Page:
A healthy lawn can make your home appear inviting to guests and can help you attract a buyer if you decide to move. Keeping your grass green requires commitment and an understanding of what your lawn needs and when.
When and How to Water Your Yard
Water the grass in the early morning so the water will be able to penetrate the soil, rather than evaporate, and so the lawn will have time to dry out before evening. Watering late in the day will leave the grass damp overnight and encourage the growth of mold and fungi.
Water your lawn deeply, rather than a little at a time. A thorough soaking will allow water to penetrate the roots and will make the grass stronger and healthier. The amount of water required will depend on the species of grass, type of soil, region and season.
The Right Way to Cut Your Grass
Before you cut your grass, make sure the lawnmower blade is sharp. A dull blade will tear the grass, and your yard may turn yellow and become diseased. The grass will then require extra water and nutrients to return it to a healthy condition.
Mow the lawn when the grass is dry and when it isn’t too hot. Cut off only the top third of the grass, and leave the clippings on the lawn so they can decompose. They will provide the lawn with nitrogen, slow the evaporation of water and prevent the growth of weeds. If you cut more than one-third of the length of the grass, the roots will be shocked, the stems will be exposed to the sun, and they will likely burn.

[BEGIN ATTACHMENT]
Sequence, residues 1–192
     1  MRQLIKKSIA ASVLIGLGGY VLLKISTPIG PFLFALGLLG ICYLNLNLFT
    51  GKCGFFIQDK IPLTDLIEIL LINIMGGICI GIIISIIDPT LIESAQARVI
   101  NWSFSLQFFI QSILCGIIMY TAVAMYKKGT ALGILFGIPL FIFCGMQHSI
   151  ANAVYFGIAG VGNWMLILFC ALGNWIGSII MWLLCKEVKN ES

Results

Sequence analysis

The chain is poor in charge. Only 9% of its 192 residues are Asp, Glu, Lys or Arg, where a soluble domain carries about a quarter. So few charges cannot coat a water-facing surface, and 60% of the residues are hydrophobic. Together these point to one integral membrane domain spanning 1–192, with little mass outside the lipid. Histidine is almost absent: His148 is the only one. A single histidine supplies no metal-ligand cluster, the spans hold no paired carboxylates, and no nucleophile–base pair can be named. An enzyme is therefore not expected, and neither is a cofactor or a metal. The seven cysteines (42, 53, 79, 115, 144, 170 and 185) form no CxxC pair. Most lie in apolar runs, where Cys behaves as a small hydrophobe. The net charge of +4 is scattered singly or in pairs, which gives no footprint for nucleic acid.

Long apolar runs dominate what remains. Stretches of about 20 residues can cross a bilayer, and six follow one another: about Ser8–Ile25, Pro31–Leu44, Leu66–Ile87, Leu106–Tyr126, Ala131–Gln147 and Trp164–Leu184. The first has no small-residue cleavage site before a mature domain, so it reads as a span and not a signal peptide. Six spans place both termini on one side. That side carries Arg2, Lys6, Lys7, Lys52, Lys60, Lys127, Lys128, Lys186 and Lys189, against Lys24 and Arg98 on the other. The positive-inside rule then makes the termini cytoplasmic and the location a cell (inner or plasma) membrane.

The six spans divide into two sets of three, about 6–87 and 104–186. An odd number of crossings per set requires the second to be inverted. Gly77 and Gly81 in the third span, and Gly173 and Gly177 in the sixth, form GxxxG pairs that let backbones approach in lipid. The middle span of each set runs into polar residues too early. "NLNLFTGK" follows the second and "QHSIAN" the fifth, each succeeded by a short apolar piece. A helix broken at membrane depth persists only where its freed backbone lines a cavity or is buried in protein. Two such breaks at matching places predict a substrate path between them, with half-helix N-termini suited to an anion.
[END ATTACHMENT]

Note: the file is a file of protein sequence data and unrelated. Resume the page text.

How to Fertilize Your Lawn and Prevent Weeds
Fertilize the lawn in early spring and fall to help it grow green and lush. Be sure to follow the directions on the package. Keeping your lawn thick and healthy can prevent weeds from growing by not giving them the space and sunlight they need.
If you notice weeds growing among the grass, use a weed killer appropriate for the particular species of weeds. If you don’t know the species you’re dealing with, ask someone at a local garden center for guidance.
How to Aerate the Grass
Aeration is the process of removing small amounts of soil from a lawn. This allows air, water and fertilizer to penetrate deeper into the soil. Aeration also reduces soil compaction to create more room for roots to grow and removes thatch. You can rent an aerator at a home improvement store.
Get Expert Advice
Maintaining a healthy lawn requires a lot of work, but it’ll be far less overwhelming if you know what to do and when. Find out what species of grass you have in your yard if you don’t already know, follow these tips, and ask employees at a local garden center or nursery for advice specific to your region.